Most of the hotels on Varadero operate as all-inclusive resorts. Still, there are a few options for those who just want a room and breakfast, and the ability to pick and choose where they eat the rest of their meals. You can also purchase a day pass at many of the local all-inclusive resorts for between CUC$30 and CUC$80, which will allow you access to their facilities, including meals and endless drinks.
In 1998, the Cuban government outlawed casas particulares in Varadero, wanting to steer all business to the official state-owned hotels and resorts. The ban is still in effect, although there are folks who will rent out rooms in private houses. Still, since it's not legal, they don't like to advertise or call attention to themselves. If you really want to find a casa particular, ask a taxi driver or tour guide, or walk around the area between Calle 13 and Calle 64 in the heart of Varadero's downtown, and you should be able to find something.
There are literally scores of large, all-inclusive resorts in Varadero. I've listed my top choices. In addition to the places listed below, good options include the Barceló Marina Palace (tel. 45/66-9966; www.barcelomarinapalace.com), Brisas del Caribe (tel. 45/66-8030; www.belivehotels.com/hotel/ES/home.jsp), Coralia Club Playa de Oro (tel. 45/66-8566; www.accorhotels.com), Iberostar Varadero (tel. 45/66-9999; www.iberostar.com), Sandals Royal Hicacos Resort & Spa (tel. 800/545-8283 in the U.S. or Canada, or 45/66-8844; www.sandalshicacos.com), and Sol Palmeras (tel. 45/66-7009; www.solmeliacuba.com).
The rack rates listed in this guide are actually the high end of what you might pay. In fact, you should expect to pay much less. Most of these hotels sell the bulk of their rooms to wholesalers and package tour operators, who in turn sell quite attractive all-inclusive packages. Competition is fierce, and it pays to shop around. However, as this is a segment of the industry that depends on volume, some resorts try to make up for the low prices by skimping on food and drink quality, and upkeep. So be careful: If you come across a resort not listed here at a deal that seems too good to be true . . . it just might be.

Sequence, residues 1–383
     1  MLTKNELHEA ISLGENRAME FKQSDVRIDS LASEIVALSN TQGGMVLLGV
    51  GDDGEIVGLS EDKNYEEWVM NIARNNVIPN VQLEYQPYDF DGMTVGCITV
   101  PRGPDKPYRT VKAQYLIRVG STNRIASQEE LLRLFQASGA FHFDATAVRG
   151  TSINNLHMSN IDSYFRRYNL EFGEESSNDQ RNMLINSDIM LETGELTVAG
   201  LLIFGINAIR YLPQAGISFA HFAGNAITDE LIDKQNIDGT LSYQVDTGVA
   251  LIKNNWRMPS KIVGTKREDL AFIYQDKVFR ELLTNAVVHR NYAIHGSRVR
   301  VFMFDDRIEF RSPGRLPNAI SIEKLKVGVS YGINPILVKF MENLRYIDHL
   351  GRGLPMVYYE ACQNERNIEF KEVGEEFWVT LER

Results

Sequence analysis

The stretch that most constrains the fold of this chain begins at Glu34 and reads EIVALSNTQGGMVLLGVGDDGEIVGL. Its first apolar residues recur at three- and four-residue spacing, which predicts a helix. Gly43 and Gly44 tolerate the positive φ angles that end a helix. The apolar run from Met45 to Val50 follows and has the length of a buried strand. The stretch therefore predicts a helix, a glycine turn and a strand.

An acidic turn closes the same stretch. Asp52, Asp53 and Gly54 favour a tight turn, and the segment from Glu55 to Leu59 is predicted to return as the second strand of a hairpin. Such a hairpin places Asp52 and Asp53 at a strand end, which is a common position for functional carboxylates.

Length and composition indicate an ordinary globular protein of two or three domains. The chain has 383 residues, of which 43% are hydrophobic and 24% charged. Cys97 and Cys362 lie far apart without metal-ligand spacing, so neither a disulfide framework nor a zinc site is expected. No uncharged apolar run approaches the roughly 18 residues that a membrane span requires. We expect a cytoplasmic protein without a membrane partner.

Note: Since so much of the market here is European, many of the large resort hotels operate either exclusively on 220-volt electricity or a combination of 110-volt and 220-volt electricity. Regardless, bring the proper adapters with you.
Stake Your Claim -- At some resorts, finding a chaise longue under a shady palapa is a cutthroat endeavor. You will either have to stake out your turf early, or find a local worker who, for a small gratuity, will save you a prime spot.
Note: This information was accurate when it was published, but can change without notice. Please be sure to confirm all rates and details directly with the companies in question before planning your trip.